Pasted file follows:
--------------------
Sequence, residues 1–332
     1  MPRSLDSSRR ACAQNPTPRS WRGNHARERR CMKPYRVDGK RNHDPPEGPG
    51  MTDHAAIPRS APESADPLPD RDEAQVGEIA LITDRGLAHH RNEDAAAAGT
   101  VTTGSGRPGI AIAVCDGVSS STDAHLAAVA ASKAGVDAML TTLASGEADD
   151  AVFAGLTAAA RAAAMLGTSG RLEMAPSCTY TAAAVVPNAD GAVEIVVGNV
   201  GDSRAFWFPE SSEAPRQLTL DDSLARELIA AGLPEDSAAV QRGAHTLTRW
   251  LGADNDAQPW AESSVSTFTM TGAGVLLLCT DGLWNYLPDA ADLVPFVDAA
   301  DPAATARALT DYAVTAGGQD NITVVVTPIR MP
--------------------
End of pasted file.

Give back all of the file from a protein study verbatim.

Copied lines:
Sequence, residues 1–332
     1  MPRSLDSSRR ACAQNPTPRS WRGNHARERR CMKPYRVDGK RNHDPPEGPG
    51  MTDHAAIPRS APESADPLPD RDEAQVGEIA LITDRGLAHH RNEDAAAAGT
   101  VTTGSGRPGI AIAVCDGVSS STDAHLAAVA ASKAGVDAML TTLASGEADD
   151  AVFAGLTAAA RAAAMLGTSG RLEMAPSCTY TAAAVVPNAD GAVEIVVGNV
   201  GDSRAFWFPE SSEAPRQLTL DDSLARELIA AGLPEDSAAV QRGAHTLTRW
   251  LGADNDAQPW AESSVSTFTM TGAGVLLLCT DGLWNYLPDA ADLVPFVDAA
   301  DPAATARALT DYAVTAGGQD NITVVVTPIR MP